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Women’s Services   

  Women’s Services

Your Pregnancy at Week 29

This week, your baby is as big as a acorn squash.

Explore your pregnancy at Week 29

Week 25
Week 26
Week 27
Week 28
Week 29
Week 30
Week 31
Week 32
Week 33

11 Weeks to go!

The following information was reviewed by Katherine Cheng

At A Glance


Baby's movements

The baby moves more and more vigorously, and sometimes kicks suddenly, which may surprise you.

Baby's nutritional needs

The baby's nutritional needs reach their peak during pregnancy. Their brain is growing rapidly so its more important than ever to eat healthily. 

Mother's body changes

The expectant mother has a lot of extra blood and fluid in her body and may become more bloated and urinate more often. 

Baby's Development at 29 Weeks


Rapid brain development

Your baby is adjusting to the birth position: head down, towards the nearest exit! Your baby is also busy practicing blinking to help keep foreign objects out of the eyes. In addition to this, your baby will practice more coughing, more intense sucking movements, burping, and perhaps most importantly, easier breathing.


Your baby continues to be very active 

Your baby's activity space in the mother's body is getting smaller and smaller, but the amount of activity is still frequent and intense.


Nervous and muscular systems nearing completion

The development of the nervous system and muscle system is nearly complete, and the hearing is more developed. 

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Your Pregnancy Symptoms at Week 29

Fetal movement

Pregnant women start to feel the baby's movements strongly at 29 weeks, for example, they could feel at least 10 movements every two hours.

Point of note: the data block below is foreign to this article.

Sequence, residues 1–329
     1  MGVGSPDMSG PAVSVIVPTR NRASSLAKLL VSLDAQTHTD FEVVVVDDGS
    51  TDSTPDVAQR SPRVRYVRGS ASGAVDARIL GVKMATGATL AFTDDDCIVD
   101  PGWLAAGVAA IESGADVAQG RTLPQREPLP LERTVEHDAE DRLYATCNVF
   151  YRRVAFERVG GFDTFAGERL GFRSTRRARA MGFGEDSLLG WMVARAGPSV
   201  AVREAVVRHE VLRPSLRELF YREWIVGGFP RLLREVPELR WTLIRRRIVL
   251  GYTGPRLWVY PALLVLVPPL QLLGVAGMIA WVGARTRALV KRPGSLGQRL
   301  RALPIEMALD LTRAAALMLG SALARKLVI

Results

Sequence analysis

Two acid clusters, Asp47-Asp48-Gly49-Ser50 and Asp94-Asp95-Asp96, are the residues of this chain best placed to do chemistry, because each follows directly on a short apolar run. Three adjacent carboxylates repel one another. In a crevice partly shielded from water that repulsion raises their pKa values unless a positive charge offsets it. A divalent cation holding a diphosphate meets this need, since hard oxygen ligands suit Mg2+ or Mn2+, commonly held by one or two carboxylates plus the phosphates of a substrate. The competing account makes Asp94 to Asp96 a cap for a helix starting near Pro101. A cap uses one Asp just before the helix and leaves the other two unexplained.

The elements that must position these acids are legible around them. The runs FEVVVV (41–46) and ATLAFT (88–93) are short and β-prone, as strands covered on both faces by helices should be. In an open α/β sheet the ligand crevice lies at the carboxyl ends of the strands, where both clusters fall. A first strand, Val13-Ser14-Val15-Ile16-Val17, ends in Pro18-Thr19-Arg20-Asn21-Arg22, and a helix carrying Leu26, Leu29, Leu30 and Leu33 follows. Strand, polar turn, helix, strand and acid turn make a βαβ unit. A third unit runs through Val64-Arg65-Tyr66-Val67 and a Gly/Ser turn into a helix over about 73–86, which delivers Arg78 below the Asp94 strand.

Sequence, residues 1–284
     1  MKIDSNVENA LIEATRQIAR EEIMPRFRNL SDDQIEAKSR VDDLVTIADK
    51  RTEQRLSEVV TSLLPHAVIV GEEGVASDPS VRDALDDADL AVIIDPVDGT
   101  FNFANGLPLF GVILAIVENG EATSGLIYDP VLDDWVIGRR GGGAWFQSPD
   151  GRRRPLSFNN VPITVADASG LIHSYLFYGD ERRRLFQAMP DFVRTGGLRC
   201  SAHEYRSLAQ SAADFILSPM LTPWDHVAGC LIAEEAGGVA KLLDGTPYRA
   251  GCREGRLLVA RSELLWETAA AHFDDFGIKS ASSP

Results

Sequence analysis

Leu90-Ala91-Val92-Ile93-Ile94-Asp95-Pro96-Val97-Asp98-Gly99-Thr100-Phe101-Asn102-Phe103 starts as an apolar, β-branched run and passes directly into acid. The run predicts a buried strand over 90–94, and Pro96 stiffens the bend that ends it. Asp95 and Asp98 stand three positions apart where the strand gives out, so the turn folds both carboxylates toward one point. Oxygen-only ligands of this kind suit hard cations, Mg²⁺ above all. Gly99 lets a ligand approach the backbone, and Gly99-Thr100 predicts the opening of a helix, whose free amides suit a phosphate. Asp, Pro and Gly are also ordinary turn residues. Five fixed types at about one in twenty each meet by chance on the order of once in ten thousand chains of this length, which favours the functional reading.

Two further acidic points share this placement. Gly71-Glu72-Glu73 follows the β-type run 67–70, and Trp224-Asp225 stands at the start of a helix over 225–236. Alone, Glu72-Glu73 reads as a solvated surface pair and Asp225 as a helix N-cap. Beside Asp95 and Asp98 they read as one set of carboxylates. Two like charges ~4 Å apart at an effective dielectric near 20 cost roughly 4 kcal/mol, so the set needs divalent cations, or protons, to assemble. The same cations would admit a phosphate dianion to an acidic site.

Enlarged belly, prone to edema 

The expectant mother now has a lot of extra blood and fluid in her body and becomes more prone to edema. It will be more difficult for a pregnant woman to bend over as her belly grows larger. Now is the time to clip your toenails and buy some shoes you can slip on because in the next few weeks you will find that bending over is not comfortable and will gradually become more difficult. 

Leakage of urine 

Entering the 29th week, the uterus moves up to about 7.5 to 10 cm above the mother's navel, causing pressure on the mother's bladder causing the need for frequent urination again. Sometimes when laughing or coughing, there may be a small amount of urine discharge known as incontinence. A women's health physiotherapists can help with incontinence issues.   

Heartburn and constipation, hemorrhoids problems 

Due to the size of the fetus, the uterus expands, and the enlarged uterus oppresses the intestinal tract which can cause heartburn, constipation and hemorrhoids. Light exercise and movement can help to prevent these symptoms. 

Advice from OT&P Obstetricians

Entering the 29th week of pregnancy, if the pregnant woman has not taken the fasting blood glucose measurement (OGTT), it should be added as soon as possible to confirm whether the pregnant woman has gestational diabetes. During the prenatal checkup, you can also ask your doctor whether you need to check the iron content to determine the blood iron concentration. You may also need to do a blood type test and antibody screening. If your mother's blood type is Rh negative, you may be injected with Rh immune heme to prevent your body from producing antibodies that may attack bb blood. 

In late pregnancy, the belly of pregnant women may become heavier and heavier. It is recommended that you sleep on your side when sleeping to reduce the forward bending of the lumbar spine. You can also do pelvic gymnastics to increase circulation in the rectal area, strengthen the muscles around the anus, prevent constipation and relieve physical discomfort. 

Mothers can count the fetal movement regularly to feel how active your baby is in your womb. If the fetal movement decreases significantly, please see a doctor immediately. 

You are welcome to book an appointment with an OT&P Annerley midwife to attend our maternity courses and workshops, or to consult with a nutritionist for discomfort relief and nutrient absorption.  

Tips for 29 Weeks Pregnant

  • Go for a walk after meals and stick to low-intensity exercise 
  • Get enough protein, vitamin C, folic acid, iron and calcium 
  • Do not stand or sit in one position for long periods of time to keep blood flowing

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